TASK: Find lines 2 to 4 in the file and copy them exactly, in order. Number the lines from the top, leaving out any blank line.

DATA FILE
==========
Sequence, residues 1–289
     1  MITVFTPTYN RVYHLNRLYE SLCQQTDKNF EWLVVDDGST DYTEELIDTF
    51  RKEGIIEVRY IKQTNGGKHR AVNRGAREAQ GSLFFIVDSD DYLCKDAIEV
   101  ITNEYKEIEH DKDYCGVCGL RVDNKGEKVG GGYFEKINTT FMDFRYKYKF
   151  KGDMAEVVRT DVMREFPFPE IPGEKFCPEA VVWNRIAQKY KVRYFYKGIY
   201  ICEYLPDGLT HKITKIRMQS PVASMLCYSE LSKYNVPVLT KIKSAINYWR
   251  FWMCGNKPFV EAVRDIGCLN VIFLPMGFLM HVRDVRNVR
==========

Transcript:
     1  MITVFTPTYN RVYHLNRLYE SLCQQTDKNF EWLVVDDGST DYTEELIDTF
    51  RKEGIIEVRY IKQTNGGKHR AVNRGAREAQ GSLFFIVDSD DYLCKDAIEV
   101  ITNEYKEIEH DKDYCGVCGL RVDNKGEKVG GGYFEKINTT FMDFRYKYKF